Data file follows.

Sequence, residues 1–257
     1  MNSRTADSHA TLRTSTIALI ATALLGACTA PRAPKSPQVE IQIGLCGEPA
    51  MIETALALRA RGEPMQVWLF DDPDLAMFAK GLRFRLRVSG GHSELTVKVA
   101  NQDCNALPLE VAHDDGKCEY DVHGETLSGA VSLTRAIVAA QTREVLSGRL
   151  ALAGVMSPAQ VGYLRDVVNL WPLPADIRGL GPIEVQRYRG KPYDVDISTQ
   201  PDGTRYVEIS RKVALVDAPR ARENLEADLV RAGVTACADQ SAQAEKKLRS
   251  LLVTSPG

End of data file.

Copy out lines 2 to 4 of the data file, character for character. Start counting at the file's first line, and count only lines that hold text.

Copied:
     1  MNSRTADSHA TLRTSTIALI ATALLGACTA PRAPKSPQVE IQIGLCGEPA
    51  MIETALALRA RGEPMQVWLF DDPDLAMFAK GLRFRLRVSG GHSELTVKVA
   101  NQDCNALPLE VAHDDGKCEY DVHGETLSGA VSLTRAIVAA QTREVLSGRL